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WSU researcher finds a potential new benefit for hyperbaric chambers

Courtesy of Food and Drug Administration

The medical treatment could help people battling opioid addictions.

A new study by Washington State University researchers shows promise for people addicted to opioids, using hyperbaric oxygen treatment.

The treatment increases the oxygen level in humans by putting them in a pressurized chamber with higher oxygen levels. It has many applications, to reduce carbon monoxide poisoning and for other conditions in which tissues are starved for oxygen.

Researcher Marian Wilson from the WSU College of Nursing says she was interested in how the hyperbaric treatment would affect those who take methadone to treat opioid addiction and who suffer pain symptoms.

"We gave them five days of hyperbaric oxygen therapy during the week that they were reducing their dose," Wilson said. "We wanted to see if they would be able to maintain that desired reduction, and we did find that those in the treatment were able to reduce their dose at a greater rate than those who did not receive the treatment, so we saw that benefit.”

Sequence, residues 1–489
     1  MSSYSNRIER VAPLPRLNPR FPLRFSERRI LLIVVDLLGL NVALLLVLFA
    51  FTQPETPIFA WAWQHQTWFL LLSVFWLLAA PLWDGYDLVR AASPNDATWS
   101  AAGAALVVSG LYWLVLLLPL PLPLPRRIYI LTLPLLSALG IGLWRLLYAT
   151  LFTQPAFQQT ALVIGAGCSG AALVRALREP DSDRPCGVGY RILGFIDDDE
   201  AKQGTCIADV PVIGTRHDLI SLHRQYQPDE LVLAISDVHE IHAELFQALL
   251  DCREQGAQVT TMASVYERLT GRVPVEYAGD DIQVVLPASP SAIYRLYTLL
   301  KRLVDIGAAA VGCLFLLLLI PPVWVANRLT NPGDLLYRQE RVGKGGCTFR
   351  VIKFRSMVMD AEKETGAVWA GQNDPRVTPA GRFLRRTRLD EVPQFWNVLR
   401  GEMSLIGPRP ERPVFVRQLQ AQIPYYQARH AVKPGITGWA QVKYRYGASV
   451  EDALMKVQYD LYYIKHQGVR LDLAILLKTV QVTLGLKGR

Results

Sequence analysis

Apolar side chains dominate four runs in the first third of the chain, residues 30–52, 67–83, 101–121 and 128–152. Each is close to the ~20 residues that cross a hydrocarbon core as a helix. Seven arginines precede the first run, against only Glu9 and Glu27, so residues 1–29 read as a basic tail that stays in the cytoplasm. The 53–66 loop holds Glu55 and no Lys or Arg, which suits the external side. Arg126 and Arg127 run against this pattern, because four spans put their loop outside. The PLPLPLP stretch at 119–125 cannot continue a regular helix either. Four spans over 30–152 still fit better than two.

A second study also used a control group that was put into the chamber but not given increased oxygen levels. Data from the group that received the boosted oxygen showed those patients had fewer withdrawal symptoms and less pain.

Wilson says she isn’t planning another follow-up study, but she says those who suffer from addiction and can afford hyperbaric therapy may want to try it. 

“They could do it right now. People do go to the hyperbaric chamber and receive treatments, and pay for out of pocket, so it is something people could try if they're able to afford that," she said.

Wilson says more research will have to be done to determine specifics of how long such treatment will be needed and the continued effectiveness of the initial sessions.